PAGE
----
It was Ian McEwan's piece on John Upike in the New York Review of Books that made me finally take "Roger's Version" off the shelf. An Updike acolyte, I had yet to read this book, but as McEwan focused on Updike's vision of a `dead spot' at the center of America, a recurring theme in Updike that McEwan notes in "Roger's Version," I knew it was time to crack it. McEwan notes that in this book `that dead spot was the ruined inner city of `Roger's Version,' a spoiled landscape through which a divinity professor takes a thirty-page stroll - one of the great set pieces of the entire body of work...'

Indeed. "Roger's Version" is a book that is loaded with landmines - lines, sometimes paragraphs, that a casual reader might quickly gloss over (and there are so many). But it is here that Updike is really making his points.

His uncanny, unsparing and totally accurate rendering of the inner city `hood is certainly a Boston area locale, but Updike is eerily prescient in that his description of a place that is very similar to Lowell, Mass., down to a multi-level that has survived a fire: `On this same corner a building, its lower floor reshingled in stylish irregular shades, had survived a fire in its top floors, which had left charred window frames empty of sashes; but the bar downstairs continued open, and sounds from within - the synthetic concussions of a video game. . . indicated a thriving business, well before the Happy Hour though it was.'

This is an exact description of the Rainbow Café, (a Kerouac haunt) though the fire did not happen until years after "Roger's Version" was published.
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8 of 8 people found the following review helpful By Hans Castorp VINE VOICE on April 12, 2006
Format: Paperback
Reading this finally convinced me that Mr. Updike really is a true master of the language! It seems impossible to top this as purely imaginative, yet true to life commentary on 1984-85 America, written in 1986. When a 29 year old computer Grad Student approaches Roger, the ex Methodist Divine, now Theology Prof, about a Grant which the young man hopefully pursues to prove (?) the existence of the Deity through Computer Technology, we're off to a great start in world of Academia, Theology and Scepticism, Family History, Friendships, Race Relations, Medicine, Evolutionary Science, Computer Science (hard to follow, even if dated!), City Neighborhoods of all kinds, not to mention author's usual reflections on adultery and stale marriages. Note how Mr. Updike smoothly switches between 1st and 3rd Persons, which is probably Roger's dream version of his wife's seamy escapades. The very last sentence seems strange, but throws another loop into this fine and seamless story!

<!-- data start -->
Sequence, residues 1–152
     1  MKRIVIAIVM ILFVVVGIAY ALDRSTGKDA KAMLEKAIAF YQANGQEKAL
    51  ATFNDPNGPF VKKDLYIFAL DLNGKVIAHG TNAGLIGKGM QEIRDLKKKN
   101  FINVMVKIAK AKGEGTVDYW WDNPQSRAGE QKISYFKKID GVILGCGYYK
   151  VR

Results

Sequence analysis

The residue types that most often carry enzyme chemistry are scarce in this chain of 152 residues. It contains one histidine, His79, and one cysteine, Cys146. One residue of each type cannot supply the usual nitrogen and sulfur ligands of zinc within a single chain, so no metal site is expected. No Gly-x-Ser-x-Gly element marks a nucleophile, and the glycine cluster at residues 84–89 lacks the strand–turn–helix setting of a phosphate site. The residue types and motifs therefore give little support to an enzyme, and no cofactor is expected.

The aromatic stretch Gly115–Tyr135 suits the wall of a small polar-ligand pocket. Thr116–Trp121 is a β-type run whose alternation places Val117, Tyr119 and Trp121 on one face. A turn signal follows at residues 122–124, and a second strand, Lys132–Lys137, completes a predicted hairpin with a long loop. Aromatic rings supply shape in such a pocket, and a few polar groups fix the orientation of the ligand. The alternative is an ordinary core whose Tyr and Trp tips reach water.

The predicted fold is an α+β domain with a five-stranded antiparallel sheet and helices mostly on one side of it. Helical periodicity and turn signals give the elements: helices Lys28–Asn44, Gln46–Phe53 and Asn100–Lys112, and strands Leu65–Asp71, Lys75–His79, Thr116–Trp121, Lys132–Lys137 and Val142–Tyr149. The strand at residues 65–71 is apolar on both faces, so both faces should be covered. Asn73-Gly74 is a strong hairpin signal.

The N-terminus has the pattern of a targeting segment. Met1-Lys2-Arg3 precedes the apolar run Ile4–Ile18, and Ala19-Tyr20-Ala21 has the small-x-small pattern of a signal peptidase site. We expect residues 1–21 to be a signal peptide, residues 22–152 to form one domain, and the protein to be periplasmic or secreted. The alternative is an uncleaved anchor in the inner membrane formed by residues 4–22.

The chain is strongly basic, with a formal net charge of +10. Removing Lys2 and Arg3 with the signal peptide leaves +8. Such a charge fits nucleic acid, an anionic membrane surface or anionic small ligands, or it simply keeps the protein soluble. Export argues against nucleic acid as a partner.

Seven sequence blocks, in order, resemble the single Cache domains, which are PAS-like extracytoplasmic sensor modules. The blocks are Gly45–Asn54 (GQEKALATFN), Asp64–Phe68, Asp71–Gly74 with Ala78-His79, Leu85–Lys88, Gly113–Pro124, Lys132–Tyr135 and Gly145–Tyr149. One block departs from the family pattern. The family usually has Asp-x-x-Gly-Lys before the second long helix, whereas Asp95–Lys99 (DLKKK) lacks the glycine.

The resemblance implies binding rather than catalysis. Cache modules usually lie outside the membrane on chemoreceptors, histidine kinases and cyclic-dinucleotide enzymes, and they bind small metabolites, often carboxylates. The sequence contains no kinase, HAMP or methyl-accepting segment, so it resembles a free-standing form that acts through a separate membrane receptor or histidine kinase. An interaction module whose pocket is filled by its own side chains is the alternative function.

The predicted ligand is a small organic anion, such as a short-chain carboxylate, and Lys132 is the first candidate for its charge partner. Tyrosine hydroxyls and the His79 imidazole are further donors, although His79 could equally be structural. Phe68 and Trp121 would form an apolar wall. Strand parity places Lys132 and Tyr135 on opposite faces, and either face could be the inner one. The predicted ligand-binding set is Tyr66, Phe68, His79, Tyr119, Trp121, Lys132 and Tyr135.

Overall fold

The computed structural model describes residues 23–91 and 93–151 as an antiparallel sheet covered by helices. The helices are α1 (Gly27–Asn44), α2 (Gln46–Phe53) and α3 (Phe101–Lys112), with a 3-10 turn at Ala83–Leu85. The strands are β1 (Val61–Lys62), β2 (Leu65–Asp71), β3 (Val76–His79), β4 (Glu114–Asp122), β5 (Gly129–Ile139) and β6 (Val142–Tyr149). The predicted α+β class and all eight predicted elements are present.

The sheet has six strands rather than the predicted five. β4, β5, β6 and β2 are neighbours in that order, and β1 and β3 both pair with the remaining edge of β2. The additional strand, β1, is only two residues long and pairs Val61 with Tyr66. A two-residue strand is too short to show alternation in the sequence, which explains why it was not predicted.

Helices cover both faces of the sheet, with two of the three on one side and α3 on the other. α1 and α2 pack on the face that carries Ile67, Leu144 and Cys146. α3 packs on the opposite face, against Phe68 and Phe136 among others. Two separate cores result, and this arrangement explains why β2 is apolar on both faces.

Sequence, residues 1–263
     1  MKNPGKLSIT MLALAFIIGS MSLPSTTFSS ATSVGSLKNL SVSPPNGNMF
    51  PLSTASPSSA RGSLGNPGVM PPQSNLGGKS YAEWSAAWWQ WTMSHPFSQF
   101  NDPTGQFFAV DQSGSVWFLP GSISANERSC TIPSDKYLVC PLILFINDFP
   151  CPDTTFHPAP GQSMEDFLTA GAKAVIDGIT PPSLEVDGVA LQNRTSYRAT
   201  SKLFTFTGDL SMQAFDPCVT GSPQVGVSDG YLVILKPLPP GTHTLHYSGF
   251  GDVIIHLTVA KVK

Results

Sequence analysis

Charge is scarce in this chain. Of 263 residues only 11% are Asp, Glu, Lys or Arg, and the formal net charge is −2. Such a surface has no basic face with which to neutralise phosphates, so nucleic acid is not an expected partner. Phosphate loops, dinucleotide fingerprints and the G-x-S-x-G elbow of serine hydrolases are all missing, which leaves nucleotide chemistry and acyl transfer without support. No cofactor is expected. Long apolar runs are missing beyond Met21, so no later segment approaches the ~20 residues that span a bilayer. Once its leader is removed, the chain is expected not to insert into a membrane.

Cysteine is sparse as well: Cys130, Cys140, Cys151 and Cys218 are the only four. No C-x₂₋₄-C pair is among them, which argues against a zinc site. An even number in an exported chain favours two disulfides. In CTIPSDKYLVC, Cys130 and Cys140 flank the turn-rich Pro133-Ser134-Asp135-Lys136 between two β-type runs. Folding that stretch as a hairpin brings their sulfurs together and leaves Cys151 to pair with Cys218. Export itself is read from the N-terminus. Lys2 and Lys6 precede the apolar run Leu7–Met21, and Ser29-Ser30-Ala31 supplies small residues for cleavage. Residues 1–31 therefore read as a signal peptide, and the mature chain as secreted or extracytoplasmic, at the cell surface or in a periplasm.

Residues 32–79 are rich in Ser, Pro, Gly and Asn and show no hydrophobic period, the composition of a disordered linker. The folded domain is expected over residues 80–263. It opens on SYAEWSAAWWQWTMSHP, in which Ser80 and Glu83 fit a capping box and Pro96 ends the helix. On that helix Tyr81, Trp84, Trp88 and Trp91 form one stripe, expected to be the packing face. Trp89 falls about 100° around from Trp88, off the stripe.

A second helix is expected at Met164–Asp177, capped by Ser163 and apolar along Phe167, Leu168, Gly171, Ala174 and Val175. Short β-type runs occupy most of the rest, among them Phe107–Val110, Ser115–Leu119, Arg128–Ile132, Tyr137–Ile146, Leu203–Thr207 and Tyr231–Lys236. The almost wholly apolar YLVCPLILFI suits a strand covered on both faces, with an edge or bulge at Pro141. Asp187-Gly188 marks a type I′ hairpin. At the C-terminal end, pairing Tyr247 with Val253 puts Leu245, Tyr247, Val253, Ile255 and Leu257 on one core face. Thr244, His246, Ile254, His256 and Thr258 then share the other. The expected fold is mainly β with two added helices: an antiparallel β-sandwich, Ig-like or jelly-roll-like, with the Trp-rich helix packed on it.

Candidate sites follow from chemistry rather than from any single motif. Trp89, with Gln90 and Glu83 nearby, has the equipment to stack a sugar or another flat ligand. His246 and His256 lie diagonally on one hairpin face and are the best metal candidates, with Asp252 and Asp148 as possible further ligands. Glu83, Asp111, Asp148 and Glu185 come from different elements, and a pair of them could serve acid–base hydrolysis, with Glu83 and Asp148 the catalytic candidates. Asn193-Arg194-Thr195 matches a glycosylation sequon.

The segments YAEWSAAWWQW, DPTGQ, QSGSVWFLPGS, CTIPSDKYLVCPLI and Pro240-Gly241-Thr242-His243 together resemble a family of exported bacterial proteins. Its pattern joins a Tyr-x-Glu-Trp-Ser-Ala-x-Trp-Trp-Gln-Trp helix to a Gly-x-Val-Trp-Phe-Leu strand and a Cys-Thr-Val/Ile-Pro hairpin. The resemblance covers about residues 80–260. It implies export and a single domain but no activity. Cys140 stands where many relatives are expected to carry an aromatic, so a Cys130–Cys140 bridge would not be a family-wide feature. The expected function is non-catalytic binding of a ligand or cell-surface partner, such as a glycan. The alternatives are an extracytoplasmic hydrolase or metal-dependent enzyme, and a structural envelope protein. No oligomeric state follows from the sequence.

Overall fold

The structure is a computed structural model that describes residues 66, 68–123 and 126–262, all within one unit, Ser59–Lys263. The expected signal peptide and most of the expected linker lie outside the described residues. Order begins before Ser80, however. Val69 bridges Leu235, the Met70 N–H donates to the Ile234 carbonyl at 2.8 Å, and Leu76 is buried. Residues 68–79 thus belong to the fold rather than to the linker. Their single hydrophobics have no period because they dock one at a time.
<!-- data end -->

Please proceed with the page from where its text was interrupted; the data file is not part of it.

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10 of 11 people found the following review helpful By Tom Adair on August 12, 2000
Format: Hardcover
There is something not quite human about how much John Updike actually KNOWS. Roger's Version is a substantial novel about the relationship between a professor of divinity and an expert in computer science. Updike does not shy from - rather he wholeheartedly immerses himself in - the details of these spheres of interest, seesawing between the complexities of heretical sects in the early Christian Church and the voluminous realms of astrophysics. One minute we are reading long quotations in medieval Latin; the next we get - for example - 'Since z = 2.5 constitutes a plane, then by setting z equal to the transformed coordinates of the model carbon molecule atoms Dale creates a series of more complex intersections...'. The story is about the extent to which the two esoteric schools can be made to meet; basically, can one 'prove' the existence of God through science? In pursuing the argument Updike, naturally, does more than just thrash through the intellectual issues; he structures the whole affair with his typical artistry, so that the idea of, say, the binary opposition informs a raft of clever leitmotifs - most gorgeously: 'At her attack, the delicious flutter of ambiguity beat its wings, necessarily two, through all my suddenly feminized being.' This is a magisterial, monumental book. It's a fine, heavy book. In the scale of both its intellectual and artistic pretensions I honestly think one can call it Miltonic.